Ι have an avi file that has different levels of audio. Is there a way to decrease and increase appropriately where needed the audio of my file using ffmpeg?
You can use
ffmpeg with the compand audio filter (a port of
sox effect filter of same name) to "compress or expand the audio's dynamic range", but admittedly this is one of the more complicated audio filters.
Example from the documentation
Make music with both quiet and loud passages suitable for listening to in a noisy environment (whatever that means):
ffmpeg -i input -filter_complex \ "[0:a]compand=.3|.3:1|1:-90/-60|-60/-40|-40/-30|-20/-20:6:0:-90:0.2[audio]" \ -map 0:v -map "[audio]" -codec:v copy output
The video is stream copied (re-muxed) in this example since you probably don't want to touch the video.
FFmpeg have dynaudnorm filter, which increases audio volume where needed.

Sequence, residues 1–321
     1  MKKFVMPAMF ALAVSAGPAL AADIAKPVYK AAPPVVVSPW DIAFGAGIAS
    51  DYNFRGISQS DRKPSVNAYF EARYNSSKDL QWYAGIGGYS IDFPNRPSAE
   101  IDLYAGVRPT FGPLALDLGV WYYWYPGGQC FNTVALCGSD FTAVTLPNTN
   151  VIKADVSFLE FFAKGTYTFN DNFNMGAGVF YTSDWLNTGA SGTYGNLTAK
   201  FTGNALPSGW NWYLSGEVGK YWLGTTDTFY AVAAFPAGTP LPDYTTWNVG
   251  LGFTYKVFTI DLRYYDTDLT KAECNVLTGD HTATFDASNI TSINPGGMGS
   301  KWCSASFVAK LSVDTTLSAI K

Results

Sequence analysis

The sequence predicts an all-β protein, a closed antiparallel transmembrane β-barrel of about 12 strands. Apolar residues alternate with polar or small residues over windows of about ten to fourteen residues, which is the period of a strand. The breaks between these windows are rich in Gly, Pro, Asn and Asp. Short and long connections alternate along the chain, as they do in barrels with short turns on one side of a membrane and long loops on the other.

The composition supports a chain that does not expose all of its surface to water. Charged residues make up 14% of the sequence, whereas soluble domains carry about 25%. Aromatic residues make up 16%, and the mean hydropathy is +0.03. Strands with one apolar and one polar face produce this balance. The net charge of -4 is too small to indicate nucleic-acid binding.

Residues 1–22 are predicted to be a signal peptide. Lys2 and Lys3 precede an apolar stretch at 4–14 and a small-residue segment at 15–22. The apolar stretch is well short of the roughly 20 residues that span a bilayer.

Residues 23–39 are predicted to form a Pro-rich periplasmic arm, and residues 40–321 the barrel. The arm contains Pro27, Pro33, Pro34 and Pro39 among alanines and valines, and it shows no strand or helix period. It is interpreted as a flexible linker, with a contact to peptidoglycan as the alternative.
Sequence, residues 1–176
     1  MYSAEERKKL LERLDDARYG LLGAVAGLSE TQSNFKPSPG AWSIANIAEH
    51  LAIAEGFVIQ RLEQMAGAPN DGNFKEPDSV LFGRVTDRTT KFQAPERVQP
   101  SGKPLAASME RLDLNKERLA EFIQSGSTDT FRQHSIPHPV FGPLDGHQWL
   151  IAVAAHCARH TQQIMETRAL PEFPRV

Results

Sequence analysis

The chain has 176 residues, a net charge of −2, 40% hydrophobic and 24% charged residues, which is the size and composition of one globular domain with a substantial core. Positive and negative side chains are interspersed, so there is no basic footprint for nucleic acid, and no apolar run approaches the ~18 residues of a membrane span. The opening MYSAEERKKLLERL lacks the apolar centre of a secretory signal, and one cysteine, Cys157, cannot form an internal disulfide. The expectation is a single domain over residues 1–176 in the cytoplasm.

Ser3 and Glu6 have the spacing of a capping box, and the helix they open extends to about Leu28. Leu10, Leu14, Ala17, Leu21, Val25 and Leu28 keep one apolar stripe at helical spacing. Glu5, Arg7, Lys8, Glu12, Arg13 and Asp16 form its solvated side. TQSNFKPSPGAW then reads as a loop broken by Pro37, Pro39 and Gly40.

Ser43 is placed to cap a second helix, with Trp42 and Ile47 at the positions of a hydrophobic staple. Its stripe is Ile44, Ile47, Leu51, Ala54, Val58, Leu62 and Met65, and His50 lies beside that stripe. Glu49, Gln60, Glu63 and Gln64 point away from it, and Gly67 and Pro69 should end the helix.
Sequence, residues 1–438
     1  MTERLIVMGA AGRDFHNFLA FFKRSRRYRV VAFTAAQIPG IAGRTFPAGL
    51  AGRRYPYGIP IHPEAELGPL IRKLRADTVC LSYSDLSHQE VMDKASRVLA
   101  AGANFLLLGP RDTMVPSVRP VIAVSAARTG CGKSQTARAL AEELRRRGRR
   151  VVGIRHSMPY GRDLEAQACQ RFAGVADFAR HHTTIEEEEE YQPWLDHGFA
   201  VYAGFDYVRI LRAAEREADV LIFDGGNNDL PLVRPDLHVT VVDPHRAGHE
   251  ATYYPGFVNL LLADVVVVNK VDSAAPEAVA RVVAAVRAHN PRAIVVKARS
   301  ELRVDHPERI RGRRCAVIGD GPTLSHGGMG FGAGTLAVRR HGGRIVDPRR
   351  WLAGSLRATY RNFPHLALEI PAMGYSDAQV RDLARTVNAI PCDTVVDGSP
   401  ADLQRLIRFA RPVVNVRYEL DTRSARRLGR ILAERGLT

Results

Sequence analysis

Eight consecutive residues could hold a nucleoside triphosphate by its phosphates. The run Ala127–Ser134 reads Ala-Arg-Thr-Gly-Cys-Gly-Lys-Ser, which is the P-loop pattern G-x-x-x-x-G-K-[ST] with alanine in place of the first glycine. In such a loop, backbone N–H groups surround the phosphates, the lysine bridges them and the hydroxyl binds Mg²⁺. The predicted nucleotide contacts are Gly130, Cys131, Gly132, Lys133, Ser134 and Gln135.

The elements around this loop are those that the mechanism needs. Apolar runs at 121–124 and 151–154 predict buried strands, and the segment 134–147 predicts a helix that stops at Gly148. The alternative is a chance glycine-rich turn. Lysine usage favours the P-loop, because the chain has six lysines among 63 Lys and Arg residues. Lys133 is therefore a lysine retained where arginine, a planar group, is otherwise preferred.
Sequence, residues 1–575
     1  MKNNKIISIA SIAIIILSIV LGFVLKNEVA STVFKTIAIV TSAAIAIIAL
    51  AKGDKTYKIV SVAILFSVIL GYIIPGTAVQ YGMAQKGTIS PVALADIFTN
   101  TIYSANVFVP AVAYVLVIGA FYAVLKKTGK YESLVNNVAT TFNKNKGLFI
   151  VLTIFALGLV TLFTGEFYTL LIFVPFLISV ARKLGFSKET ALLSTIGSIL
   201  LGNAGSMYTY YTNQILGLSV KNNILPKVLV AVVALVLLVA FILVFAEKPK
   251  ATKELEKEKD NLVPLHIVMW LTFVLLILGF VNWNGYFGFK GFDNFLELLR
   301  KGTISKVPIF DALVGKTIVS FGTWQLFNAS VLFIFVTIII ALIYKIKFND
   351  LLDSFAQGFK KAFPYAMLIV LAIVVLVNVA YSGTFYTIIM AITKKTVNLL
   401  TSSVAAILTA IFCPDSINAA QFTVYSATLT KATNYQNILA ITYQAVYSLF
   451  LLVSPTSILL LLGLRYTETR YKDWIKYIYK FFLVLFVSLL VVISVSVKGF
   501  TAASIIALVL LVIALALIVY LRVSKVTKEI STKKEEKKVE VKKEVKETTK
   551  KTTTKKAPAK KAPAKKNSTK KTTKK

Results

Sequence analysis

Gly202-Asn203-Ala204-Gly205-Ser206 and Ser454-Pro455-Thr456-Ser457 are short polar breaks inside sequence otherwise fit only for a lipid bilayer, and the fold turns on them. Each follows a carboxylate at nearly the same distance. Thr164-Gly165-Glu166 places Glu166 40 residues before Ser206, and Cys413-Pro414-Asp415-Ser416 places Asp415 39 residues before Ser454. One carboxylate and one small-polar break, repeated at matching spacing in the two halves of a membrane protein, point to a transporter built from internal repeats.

You can use FFmpeg to adjust the levels in your video files. There is an answer on SU that explains how to do that: https://superuser.com/questions/323119/how-can-i-normalize-audio-using-ffmpeg
As AJ suggests, there may be ffmpeg commands to compress, but I suspect that in any case you'll need to separate the audio and video (demux), operate on the audio, and remux or re-encode. Ffmpeg, AviMux, and other tools can demux and remux most AVIs.
If there are defined sections with different levels, you can manually intervene using something like (free) Audacity to raise the levels of the quiet sections to match the louder ones. A final normalizing step, or even slight compression, could also help.